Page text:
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Perfecto, esta bien. Consérvalo así entonces. Entiendo tus razones. De todas maneras se encuentra en buen estado general. Yo te lo sugerí solo como un consejo para que lo embellecieras. Pero fue sólo eso, una sugerencia no más.
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Old 10-12-2020, 10:43 PM
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Quote:
Originally Posted by Martya View Post
Great find!
As the owner of a K-frame 13-1, a reminder from my favorite gunsmith - carry 357, shoot 38.

About a dozen years ago I bought a used 66-6 and sent it to S&W for an action job. It came back very nice, and enclosed was a S&W business card that had hand-written on the back, just what you said about .38 and .357
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Old 10-13-2020, 10:24 PM
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Y que quieren decir con eso? Pará que llevar un . 357 y vas a disparar. 38? Cuál es la ventaja? Porque si bien es cierto que un buen cartucho . 38 +P con una buena punta es capaz de dejar fura de combate a un atacante ; también lo es, el hecho de que un .357 Magnum lo es mucho más.
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Old 10-14-2020, 11:29 AM
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Quote:
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Y que quieren decir con eso? Pará que llevar un . 357 y vas a disparar. 38? Cuál es la ventaja? Porque si bien es cierto que un buen cartucho . 38 +P con una buena punta es capaz de dejar fura de combate a un atacante ; también lo es, el hecho de que un .357 Magnum lo es mucho más.
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And what do you mean by that? You will be pat to bring a . 357 and you're going to shoot. 38? What is the advantage? Because while it is true that a good cartridge . 38 +P with a good tip is able to leave a fight furture to an attacker ; also it is, the fact that a .357 Magnum is much more.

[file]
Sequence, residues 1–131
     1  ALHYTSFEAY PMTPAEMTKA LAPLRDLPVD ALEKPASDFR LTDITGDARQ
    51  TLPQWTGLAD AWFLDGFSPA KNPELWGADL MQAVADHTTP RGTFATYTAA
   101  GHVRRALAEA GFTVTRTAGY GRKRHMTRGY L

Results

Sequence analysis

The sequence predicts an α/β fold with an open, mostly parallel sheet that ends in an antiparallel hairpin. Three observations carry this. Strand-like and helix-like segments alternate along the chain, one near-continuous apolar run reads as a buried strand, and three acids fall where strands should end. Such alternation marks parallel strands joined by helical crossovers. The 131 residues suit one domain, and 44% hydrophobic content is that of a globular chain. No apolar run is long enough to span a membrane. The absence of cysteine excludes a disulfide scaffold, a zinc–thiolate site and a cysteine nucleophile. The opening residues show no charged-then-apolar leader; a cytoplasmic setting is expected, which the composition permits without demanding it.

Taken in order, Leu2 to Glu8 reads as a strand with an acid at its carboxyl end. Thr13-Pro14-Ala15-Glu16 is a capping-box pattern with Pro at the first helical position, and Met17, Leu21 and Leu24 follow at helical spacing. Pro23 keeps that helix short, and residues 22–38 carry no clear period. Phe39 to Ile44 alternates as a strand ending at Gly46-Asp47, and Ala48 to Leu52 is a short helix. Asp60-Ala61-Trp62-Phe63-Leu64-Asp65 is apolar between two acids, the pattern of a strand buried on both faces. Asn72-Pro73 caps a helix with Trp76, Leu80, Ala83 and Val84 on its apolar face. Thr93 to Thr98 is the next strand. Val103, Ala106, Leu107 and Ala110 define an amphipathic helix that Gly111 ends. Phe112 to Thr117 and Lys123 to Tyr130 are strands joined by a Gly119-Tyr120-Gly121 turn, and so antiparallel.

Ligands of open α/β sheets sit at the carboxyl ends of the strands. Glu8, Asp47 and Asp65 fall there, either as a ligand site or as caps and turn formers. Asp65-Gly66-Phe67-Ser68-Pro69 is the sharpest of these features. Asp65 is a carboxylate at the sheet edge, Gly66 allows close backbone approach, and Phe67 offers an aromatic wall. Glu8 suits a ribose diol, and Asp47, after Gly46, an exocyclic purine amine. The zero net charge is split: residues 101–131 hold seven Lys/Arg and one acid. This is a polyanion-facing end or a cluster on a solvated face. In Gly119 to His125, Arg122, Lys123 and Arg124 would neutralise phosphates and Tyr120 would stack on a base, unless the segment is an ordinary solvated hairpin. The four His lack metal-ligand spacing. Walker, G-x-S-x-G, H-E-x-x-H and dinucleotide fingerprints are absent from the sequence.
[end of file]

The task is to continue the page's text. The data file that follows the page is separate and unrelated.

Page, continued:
It is a rare occurrence where the bottom of the forcing cone can crack by repeatedly shooting the "hotter" .357 loads of 110gr and 125gr. This is due to the thin cross section at the bottom of the barrel of 'K' frames where it extends past the frame and is cut to clear the cylinder due to the recessed chambers.

A crack in the forcing cone is very bad. Your gun becomes an interesting paperweight.

There is some thought that 158gr .357 mitigates this potential failure of the forcing cone.

So, that is why it is said - practice with .38 (or .38+P) at the range all day, but carry .357 in case you need to change the mind of an attacker.
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Old 10-14-2020, 12:55 PM
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Generalmgr, I really like your magnum 10-6. I would love to find one for myself. Fixed sight magnums are at the top of my list. I also like your choice of a prop, an old pen gun.
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Old 10-16-2020, 08:34 AM
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The K-frame was designed for the 38 Special well over a century ago. In the 1950s it was offered with the 357 Magnum as the Combat Magnum to give peace officers a lighter carry gun. Shooting magnums is OK in small doses but not what the K-frame was designed to handle.
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Old 10-16-2020, 08:49 AM
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Generalmgr, I really like your magnum 10-6. I would love to find one for myself. Fixed sight magnums are at the top of my list. I also like your choice of a prop, an old pen gun.
I noticed the pen gun too. I bet you might have carried one of those with "flare" ammo in your flight vest.

Beautiful magnum OP!
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Old 10-16-2020, 10:59 AM
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I noticed the pen gun too. I bet you might have carried one of those with "flare" ammo in your flight vest.

Beautiful magnum OP!
I did, in the RVN on my flak jacket and in Panama, although we were not issued flak jackets there. Just survival vests and LPU's.
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Old 10-16-2020, 12:57 PM